Two reading cultures2 Replies
Like most professionals I know, I keep a folder called Articles I Must Read, which help keep up my levels of professional guilt, and many of which I get via the Developmental Disorders of Language and Literacy network. I recently read one that rang a lot of bells, so thought I'd summarise it's key points as a blog post.
It's called The Science of Reading and Its Educational Implications, by Mark S Seidenberg from the University of Wisconsin-Madison.
He writes that reading is very well-understood from a scientific point of view, yet there are still far too many people who read poorly – about 24-30% of the US population (the Australian Bureau of Statistics has just released new data on adult literacy which paint a similar picture).
His article examines three possible contributing factors: our opaque spelling system, the cultural divide between science and education and/or language variability. I found his discussion about cultural differences between science and education most interesting, so will focus on that.
The complex, opaque written code of English is often thought to be to blame for poor literacy levels.
Some languages, like Turkish, have very simple relationships between sounds and letters, but very complicated inflectional systems – ways of building spoken words to show things like verb agreement and tense.
Mastering spoken Turkish thus takes a long time, compared with English, which has a fairly simple morphology, though complex sound-letter relationships.
Comprehension is the goal of reading, so Seidenberg argues that what English loses on the swing of having a hard spelling code, it gains on the roundabout of being pretty simple from a grammatical point of view.
He writes, "there is little evidence that precocious knowledge of spelling-sound correspondences offers a comprehension advantage, or that the irregularities in written English present an especial burden".
Two reading cultures – science and education
Seidenberg points out that in universities, there are two groups of people studying reading – scientists and educators. They're in different university faculties, and have different goals and values, ways of training new practitioners and criteria for evaluating progress.
They go to different conferences, join different professional organisations and publish their work in different journals. They tend not to cross paths or talk to each other.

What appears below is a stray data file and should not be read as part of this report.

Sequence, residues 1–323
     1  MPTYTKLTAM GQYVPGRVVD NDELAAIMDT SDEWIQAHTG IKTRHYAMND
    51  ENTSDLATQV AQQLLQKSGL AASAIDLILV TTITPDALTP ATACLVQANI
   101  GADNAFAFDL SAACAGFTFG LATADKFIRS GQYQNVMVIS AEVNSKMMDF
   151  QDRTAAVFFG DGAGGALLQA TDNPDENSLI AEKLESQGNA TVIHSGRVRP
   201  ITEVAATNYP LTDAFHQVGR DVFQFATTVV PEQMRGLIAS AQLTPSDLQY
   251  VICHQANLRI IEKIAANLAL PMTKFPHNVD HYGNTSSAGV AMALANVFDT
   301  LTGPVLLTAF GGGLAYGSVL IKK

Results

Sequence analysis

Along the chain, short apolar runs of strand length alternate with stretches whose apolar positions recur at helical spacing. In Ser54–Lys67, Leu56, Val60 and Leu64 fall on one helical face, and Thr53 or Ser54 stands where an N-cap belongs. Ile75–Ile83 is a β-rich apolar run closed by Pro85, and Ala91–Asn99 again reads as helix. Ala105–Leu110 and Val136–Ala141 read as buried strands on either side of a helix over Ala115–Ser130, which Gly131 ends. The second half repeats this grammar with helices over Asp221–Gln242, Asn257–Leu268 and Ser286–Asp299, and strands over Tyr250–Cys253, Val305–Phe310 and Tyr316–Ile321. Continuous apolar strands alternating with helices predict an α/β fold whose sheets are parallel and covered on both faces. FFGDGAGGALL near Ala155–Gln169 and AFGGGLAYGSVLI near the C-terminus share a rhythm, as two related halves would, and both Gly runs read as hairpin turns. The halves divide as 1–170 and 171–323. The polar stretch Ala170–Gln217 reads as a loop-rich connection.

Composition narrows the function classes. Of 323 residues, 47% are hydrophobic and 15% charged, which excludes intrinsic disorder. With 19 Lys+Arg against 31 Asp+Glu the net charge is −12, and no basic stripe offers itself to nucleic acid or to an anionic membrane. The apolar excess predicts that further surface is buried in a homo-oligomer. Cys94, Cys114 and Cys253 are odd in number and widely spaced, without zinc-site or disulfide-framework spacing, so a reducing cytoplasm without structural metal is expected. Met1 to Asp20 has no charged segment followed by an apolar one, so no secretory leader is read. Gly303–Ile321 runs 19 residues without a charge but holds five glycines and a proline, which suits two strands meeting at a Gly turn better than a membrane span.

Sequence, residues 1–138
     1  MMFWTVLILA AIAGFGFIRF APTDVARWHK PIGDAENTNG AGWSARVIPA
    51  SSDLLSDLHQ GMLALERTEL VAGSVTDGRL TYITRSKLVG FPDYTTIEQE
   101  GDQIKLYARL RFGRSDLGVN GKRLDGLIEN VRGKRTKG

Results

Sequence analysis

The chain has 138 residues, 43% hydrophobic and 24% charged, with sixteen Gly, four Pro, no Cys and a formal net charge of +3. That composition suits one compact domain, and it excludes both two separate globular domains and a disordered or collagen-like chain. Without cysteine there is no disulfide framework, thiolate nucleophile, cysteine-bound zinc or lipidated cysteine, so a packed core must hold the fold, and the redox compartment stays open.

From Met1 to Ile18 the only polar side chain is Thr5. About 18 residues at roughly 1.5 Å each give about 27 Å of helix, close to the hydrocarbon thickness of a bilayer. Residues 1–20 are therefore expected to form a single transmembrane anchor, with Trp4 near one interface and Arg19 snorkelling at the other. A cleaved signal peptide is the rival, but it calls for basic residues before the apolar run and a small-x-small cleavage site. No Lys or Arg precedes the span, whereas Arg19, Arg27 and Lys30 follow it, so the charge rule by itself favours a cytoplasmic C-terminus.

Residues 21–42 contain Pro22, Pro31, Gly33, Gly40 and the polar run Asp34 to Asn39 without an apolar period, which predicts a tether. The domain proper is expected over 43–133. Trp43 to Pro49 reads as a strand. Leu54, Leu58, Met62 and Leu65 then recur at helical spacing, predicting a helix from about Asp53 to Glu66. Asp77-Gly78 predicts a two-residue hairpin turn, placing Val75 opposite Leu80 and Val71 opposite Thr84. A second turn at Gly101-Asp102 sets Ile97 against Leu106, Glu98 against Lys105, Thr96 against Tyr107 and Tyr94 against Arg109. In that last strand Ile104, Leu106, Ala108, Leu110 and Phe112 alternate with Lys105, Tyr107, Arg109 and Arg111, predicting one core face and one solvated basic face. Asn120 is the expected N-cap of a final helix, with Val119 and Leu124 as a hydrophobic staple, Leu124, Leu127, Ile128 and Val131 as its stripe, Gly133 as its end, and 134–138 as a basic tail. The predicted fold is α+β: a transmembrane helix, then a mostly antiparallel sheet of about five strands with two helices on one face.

Education has embraced a few theorists from psychology like Vygotsky, Piaget and Bruner, but is deeply skeptical about the relevance of modern experimental psychology to teaching, seeing it as sterile and reductive.
Education continually seeks innovation, but cherry-picks the scientific research, ignoring findings that aren't consistent with existing beliefs and practices, yet sometimes getting carried away by other findings that are not solidly established or understood.
Reading scientists have discovered a great deal about the skills underlying reading, how people learn them and how reading is related to language. Their findings have been published in journals and included in government white papers, such as our own National Inquiry into the Teaching of Literacy.
These findings call into question basic assumptions about how reading is taught, and what teachers are taught about reading and development. In particular, they challenge the widely-held view in education that learning to read is like learning to speak.
So they are widely ignored.
Seidenberg says that science and education's conflicts about reading revolve around three main issues:
- Deciding what's true: teachers tend to reject experimental approaches to reading research, placing a higher value on observation and classroom experience.
This tends to be published as quasi-ethnographic research involving description and interpretation rather than measurement.
Scientists know that what people observe depends on what they believe, so seek more objective and verifiable evidence.
- The socio-cultural approach: teachers tend to focus on socio-cultural aspects of literacy like attitudes towards reading in different social and cultural groups, purposes and contexts of reading, relevance of reading activities and learners' motivation.